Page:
MIT’s Grand Challenges Issues Final Report

In March 2018, the Massachusetts Institute of Technology (MIT) Libraries hosted a working summit on Grand Challenges in Information Science and Scholarly Communication. After an open review period, the results were distilled into a final white paper, A Grand Challenges-Based Research Agenda for Scholarly Communication and Information Science, released December 18.

woman at lectern in front of room
Library of Congress chief of National Digital Initiatives Kate Zwaard gives keynote speech at Grand Challenges Summit
Photo by Bryce Vickmark

In March 2018, the Massachusetts Institute of Technology (MIT) Libraries hosted a working summit on Grand Challenges in Information Science and Scholarly Communication, inviting experts from around the world “to identify critical problems in information science that are solvable within ten years and which have broad implications across the scholarly community.” The Grand Challenges Summit consisted of three consecutive workshops examining scholarly discovery, digital curation and preservation, and open scholarship.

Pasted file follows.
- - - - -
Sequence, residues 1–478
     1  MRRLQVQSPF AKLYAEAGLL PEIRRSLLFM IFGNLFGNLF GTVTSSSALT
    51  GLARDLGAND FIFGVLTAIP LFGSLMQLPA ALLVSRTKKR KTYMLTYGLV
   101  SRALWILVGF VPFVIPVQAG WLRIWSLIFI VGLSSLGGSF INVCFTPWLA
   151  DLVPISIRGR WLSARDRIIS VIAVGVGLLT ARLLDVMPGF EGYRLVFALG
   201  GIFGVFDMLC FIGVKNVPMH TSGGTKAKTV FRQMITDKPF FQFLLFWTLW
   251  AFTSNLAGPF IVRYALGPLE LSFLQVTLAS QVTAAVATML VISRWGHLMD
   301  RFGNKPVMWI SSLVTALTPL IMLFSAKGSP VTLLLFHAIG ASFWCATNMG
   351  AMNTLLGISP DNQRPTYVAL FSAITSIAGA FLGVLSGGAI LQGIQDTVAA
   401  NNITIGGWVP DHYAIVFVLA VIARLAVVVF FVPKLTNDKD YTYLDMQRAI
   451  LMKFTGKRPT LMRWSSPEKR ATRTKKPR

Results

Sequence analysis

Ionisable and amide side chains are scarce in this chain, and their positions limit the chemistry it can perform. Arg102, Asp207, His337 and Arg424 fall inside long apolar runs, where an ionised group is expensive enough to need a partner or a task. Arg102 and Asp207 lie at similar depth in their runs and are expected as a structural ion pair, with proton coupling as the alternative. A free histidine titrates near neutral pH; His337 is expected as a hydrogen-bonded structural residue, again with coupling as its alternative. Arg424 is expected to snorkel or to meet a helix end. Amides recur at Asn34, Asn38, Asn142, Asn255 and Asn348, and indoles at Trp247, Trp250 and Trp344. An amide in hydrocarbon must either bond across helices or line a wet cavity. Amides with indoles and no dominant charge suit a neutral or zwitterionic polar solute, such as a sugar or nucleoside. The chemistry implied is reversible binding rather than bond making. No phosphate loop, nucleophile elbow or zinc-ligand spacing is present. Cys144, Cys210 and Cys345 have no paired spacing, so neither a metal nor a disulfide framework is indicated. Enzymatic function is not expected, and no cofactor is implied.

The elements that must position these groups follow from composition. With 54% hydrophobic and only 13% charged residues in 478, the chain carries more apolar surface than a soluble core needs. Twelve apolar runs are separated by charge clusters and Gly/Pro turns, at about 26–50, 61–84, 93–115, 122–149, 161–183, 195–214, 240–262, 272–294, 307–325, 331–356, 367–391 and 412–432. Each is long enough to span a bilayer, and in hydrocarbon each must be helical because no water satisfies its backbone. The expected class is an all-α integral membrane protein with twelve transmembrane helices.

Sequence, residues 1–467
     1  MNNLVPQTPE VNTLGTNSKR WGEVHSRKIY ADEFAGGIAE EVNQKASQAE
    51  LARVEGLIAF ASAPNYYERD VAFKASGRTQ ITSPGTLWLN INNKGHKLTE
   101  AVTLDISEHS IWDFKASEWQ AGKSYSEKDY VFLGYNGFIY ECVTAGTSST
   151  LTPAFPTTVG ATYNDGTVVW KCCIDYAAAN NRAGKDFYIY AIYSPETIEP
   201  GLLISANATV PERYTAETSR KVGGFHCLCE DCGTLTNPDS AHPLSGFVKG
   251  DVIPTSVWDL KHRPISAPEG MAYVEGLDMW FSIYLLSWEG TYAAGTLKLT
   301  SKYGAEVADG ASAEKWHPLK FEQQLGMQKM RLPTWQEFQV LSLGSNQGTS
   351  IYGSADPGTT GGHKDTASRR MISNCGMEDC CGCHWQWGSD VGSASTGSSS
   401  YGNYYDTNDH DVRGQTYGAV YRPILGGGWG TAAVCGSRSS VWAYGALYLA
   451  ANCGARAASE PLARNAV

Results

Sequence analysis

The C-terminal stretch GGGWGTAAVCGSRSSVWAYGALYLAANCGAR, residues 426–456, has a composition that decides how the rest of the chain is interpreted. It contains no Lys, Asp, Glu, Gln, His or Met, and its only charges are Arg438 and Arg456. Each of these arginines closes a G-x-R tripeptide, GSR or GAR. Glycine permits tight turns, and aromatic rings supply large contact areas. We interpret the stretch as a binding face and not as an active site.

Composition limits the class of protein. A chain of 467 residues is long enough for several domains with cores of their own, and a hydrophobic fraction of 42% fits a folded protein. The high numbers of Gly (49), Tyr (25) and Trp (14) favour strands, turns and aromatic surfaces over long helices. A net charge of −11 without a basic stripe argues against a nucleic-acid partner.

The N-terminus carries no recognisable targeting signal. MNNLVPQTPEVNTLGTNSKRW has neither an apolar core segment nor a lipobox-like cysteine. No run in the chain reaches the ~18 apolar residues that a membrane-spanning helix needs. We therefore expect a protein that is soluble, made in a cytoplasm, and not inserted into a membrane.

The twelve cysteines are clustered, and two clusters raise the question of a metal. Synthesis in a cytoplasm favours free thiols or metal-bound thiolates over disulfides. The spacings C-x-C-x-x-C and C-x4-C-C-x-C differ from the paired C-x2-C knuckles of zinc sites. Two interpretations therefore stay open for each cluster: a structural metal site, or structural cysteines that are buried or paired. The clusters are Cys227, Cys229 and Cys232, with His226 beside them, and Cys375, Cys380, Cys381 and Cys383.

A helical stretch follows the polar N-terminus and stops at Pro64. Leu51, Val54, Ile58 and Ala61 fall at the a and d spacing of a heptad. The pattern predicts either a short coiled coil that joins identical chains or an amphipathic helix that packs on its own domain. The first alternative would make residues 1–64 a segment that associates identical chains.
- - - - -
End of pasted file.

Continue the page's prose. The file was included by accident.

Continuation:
After an open review period, in which summit attendees’ notes were condensed and refined into a public draft and community members were encouraged to comment and provide feedback, the results were distilled into a final white paper, A Grand Challenges-Based Research Agenda for Scholarly Communication and Information Science. The report was released on PubPub, the open platform developed by MIT’s Knowledge Futures Group, on December 18.

The white paper’s preface states, “this report describes a vision for a more inclusive, open, equitable, and sustainable future for scholarship; characterizes the central technical, organizational, and institutional barriers to this future; describes the areas research needs to advance this future; and identifies several targeted ‘grand challenge’ research problems for knowledge generation.” It is less a recap of the summit than an outline of potential areas for change and the possible paths that can put those changes into action within the next decade. 

VISION FOR LIBRARIES

The concept of the summit originated with MIT’s Future of Libraries Task Force report, released in October 2016. The 30-person task force, organized by MIT director of libraries Chris Bourg, had gathered input over the previous year on how MIT Libraries should evolve to advance its vision for libraries as open global platforms for knowledge, and itself serve as a leader in the reinvention of the academic research library. Of the recommendations at the report’s conclusion, the final one stated, “The Libraries must become a center for research and development, fueling bold experimentation and new answers to the grand challenges facing research libraries and scholarly communication.”